14. To be honest, I hadn’t noticed he’d crossed the track when I was watching it. It wasn’t until I read these news stories about the FIA fining him that I knew it had happened. I think there is a danger that by bringing it up again, they will get some people thinking its just the FIA being petty bureaucrats and it’s not that big a deal really. If they want to influence younger drivers, I’m sure there are better ways to handle this sort of thing than imposing punishments all the time.

    1. I think this is part of the issue when it comes to us commenting on the situation is that we never actually saw the full scale of the “incident”. Clearly he didn’t cross just ahead of the oncoming pack or loiter close enough to the track to throw insults at anyone or even do anything the layman would perceive as actively dangerous as that would have been all over the TV. There’s potential that the marshal should have okayed him but forgot to do so, but that’s just pointless speculation on my point.

  15. Gotta be honest, I really don’t know what the rules state on this, or who has or hasn’t done it in the past under which conditions. Regardless, when I saw the fine and reprimand, I thought it was a joke. Why would Hamilton care about that amount of $’s. Pointless exercise.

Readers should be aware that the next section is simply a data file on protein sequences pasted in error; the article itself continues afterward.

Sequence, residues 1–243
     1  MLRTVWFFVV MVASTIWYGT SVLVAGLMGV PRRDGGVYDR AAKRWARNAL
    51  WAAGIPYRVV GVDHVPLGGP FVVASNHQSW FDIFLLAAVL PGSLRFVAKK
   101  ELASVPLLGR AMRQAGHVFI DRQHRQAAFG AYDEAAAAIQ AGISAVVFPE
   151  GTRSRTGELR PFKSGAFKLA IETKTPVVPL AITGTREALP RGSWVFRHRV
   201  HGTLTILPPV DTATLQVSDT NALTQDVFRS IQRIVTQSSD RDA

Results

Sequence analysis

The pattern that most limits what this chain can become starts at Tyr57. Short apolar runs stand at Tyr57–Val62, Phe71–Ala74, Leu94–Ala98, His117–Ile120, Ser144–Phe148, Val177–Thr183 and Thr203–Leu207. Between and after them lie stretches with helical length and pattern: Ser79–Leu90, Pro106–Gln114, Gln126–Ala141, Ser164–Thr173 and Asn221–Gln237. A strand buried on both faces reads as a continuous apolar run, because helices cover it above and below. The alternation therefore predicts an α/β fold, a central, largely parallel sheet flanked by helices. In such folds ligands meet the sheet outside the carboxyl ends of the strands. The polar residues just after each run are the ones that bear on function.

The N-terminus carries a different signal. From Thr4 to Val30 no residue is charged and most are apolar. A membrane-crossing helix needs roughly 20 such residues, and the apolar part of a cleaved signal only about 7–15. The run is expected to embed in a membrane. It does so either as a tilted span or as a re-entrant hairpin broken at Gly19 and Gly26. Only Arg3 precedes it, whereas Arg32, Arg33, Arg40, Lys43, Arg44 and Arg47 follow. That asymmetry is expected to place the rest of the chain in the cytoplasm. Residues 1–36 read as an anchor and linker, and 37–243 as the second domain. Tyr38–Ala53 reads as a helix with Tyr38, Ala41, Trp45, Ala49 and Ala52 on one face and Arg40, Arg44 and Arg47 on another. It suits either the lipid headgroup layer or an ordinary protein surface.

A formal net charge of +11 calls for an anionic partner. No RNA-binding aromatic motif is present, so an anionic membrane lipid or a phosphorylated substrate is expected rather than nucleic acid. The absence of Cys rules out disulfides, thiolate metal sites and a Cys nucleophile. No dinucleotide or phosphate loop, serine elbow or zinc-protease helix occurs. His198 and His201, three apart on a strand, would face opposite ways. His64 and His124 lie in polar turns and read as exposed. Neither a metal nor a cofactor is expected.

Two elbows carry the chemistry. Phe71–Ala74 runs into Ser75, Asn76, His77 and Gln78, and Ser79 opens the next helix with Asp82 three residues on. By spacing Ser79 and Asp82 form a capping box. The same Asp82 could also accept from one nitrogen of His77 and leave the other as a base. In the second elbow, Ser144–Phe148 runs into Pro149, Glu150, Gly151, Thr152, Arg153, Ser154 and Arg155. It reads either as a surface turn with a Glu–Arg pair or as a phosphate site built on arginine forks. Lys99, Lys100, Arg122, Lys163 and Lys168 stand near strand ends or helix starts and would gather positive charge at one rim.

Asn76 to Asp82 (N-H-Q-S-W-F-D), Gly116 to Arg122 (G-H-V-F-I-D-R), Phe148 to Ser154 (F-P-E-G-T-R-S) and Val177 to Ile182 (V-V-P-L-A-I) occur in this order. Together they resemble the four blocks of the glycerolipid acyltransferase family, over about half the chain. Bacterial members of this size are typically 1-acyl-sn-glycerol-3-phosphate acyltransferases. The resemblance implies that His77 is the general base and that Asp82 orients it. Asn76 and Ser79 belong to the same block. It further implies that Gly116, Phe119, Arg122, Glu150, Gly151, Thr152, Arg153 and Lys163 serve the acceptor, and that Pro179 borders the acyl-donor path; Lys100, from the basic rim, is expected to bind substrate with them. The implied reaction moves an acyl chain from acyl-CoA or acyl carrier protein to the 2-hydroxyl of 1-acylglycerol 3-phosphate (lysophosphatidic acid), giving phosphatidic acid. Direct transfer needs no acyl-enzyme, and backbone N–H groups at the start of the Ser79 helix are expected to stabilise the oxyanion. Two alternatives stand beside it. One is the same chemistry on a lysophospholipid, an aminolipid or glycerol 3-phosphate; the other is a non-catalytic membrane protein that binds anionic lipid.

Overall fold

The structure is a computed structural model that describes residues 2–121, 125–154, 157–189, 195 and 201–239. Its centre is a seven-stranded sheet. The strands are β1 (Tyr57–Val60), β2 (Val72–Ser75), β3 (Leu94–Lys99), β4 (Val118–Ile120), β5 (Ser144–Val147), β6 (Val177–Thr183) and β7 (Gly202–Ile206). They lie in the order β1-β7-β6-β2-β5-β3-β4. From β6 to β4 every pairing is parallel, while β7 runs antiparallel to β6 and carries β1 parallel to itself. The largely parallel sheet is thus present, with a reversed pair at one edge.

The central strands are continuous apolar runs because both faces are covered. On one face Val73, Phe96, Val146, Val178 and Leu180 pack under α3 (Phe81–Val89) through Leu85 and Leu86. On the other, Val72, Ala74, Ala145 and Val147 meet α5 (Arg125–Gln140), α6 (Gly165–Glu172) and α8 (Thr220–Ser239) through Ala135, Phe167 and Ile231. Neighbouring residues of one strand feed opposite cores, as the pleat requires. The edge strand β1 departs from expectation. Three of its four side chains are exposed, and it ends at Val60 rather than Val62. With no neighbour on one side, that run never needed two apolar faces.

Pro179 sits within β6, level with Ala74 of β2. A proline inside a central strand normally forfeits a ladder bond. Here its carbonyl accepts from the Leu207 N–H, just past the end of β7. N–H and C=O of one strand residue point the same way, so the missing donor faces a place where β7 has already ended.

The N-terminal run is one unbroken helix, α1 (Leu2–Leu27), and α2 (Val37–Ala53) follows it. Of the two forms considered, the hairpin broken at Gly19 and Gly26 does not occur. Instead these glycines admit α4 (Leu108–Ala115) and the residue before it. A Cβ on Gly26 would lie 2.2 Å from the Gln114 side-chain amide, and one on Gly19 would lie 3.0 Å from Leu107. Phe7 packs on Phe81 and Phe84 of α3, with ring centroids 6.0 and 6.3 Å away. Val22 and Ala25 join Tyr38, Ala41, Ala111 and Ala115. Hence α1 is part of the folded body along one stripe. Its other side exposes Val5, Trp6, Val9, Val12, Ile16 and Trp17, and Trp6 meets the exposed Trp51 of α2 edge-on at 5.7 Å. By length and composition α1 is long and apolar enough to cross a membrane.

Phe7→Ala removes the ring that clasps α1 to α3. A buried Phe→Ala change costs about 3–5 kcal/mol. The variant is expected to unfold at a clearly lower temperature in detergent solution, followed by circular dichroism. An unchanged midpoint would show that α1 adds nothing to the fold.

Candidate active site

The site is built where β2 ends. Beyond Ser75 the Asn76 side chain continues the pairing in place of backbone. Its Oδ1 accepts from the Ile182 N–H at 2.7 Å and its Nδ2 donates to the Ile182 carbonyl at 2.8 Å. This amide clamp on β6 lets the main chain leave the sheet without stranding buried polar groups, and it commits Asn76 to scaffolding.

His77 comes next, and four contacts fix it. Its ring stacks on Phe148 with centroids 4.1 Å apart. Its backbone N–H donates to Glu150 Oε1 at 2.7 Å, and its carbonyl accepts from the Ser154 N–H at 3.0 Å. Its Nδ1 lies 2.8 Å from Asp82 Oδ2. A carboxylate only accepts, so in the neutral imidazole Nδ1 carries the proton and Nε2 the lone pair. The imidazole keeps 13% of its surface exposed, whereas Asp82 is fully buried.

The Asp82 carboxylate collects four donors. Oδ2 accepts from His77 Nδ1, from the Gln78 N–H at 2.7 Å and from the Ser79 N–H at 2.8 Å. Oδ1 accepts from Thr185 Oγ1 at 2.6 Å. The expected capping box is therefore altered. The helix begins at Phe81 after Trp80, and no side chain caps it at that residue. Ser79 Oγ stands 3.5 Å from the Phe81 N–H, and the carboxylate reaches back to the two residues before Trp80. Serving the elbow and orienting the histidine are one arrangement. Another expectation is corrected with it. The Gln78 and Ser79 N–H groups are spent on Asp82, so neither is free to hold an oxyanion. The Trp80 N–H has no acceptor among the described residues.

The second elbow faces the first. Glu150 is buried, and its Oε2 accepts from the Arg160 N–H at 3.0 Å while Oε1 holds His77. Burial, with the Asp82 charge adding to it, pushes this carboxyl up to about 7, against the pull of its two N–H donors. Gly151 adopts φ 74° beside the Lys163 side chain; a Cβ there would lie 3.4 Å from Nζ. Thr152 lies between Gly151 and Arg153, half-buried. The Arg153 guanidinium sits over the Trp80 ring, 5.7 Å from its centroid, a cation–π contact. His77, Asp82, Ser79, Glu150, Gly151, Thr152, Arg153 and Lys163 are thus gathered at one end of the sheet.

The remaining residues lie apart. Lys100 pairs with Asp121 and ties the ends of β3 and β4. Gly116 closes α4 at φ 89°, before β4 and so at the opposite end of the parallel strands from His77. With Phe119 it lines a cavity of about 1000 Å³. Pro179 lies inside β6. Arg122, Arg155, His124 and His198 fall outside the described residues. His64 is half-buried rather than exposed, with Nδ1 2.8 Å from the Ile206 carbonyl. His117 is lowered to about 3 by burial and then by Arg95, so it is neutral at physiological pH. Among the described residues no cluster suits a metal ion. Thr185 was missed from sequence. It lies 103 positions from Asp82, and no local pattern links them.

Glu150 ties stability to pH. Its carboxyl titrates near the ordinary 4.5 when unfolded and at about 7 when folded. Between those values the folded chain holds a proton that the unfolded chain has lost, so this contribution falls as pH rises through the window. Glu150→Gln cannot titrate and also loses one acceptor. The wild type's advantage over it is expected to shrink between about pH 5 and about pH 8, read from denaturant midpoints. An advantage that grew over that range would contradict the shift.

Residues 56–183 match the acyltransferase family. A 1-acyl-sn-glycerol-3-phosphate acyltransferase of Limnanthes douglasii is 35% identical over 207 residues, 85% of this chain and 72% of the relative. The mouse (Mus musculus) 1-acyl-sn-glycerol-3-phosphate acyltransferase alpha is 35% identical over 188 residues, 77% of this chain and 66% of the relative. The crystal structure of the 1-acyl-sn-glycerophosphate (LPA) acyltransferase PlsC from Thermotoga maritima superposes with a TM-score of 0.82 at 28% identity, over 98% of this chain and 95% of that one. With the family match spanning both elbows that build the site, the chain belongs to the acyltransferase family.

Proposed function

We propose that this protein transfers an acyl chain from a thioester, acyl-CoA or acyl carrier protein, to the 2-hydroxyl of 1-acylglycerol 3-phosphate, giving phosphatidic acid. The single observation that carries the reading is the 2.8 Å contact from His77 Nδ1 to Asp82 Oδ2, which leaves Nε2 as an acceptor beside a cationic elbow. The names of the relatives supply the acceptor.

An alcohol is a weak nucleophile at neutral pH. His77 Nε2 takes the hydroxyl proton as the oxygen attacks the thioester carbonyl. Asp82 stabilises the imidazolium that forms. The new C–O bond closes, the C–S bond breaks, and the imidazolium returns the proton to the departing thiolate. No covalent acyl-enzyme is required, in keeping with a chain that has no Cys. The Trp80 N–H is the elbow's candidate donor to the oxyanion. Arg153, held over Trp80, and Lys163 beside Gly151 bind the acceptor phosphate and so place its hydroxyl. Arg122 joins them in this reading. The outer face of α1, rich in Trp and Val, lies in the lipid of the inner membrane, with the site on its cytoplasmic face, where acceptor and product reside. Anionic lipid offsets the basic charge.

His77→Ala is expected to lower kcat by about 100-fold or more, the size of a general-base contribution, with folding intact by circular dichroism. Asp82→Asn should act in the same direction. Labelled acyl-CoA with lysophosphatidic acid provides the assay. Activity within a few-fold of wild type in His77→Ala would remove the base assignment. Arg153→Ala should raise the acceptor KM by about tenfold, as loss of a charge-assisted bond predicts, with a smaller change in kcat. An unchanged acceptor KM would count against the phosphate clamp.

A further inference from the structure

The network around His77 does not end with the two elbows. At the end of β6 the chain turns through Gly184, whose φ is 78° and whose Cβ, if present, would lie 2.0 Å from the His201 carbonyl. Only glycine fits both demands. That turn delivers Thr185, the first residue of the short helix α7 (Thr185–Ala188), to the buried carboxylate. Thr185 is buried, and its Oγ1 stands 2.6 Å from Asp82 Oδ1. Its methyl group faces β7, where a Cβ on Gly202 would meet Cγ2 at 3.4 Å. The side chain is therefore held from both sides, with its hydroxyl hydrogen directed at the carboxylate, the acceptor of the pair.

16. I can understand them reviewing the incident in order to set appropriate guidelines for future transgressions. That’s a wise thing to do. In fact, it should be standard procedure to discus the rulings handed out during races, with the aim of improving consistency, safety and fairness in the future.

    However, this article makes it sound like they are considering changing the punishment already applied. This would be a massive change to the way F1 has been policed for as long as I can remember. Nobody has appealed the decision, and nobody has brought significant new information to the table. It would look inconsistent at best for them to change the penalty now.

    1. Good ol’ clickbait. Some other F1 fan sites ensured they didn’t even allude to any actual incident or reference track crossing or the fact it was anything to do with future breaches until you click into the article, so you can imagine what the comments are like.

  17. Coventry Climax
    16th October 2023, 10:46


    I can understand them reviewing the incident in order to set appropriate guidelines for future transgressions.

    I’m sorry, but I can’t. The first F1 GP was back in 1950, but GP’s were held even before that, and motorracing has a history starting even well before those. Sure, haybales and people right up to the track were the norm back then. But safety rules have changed massively since then.
    It’s not like it’s never happened before and suddenly comes out of the blue, as a completely unexpected side effect or such. So I’d be stunned with the sheer amateurism, if there wouldn’t be anything about drivers (or others) crossing the track during a race, including the sanctioning for it.
    If that’s there, than act accordingly, I should say. If it’s not, or if they deem it inadequate fro modern times, then change it for next season, and/or ask everyones consent to do so with immediate effect.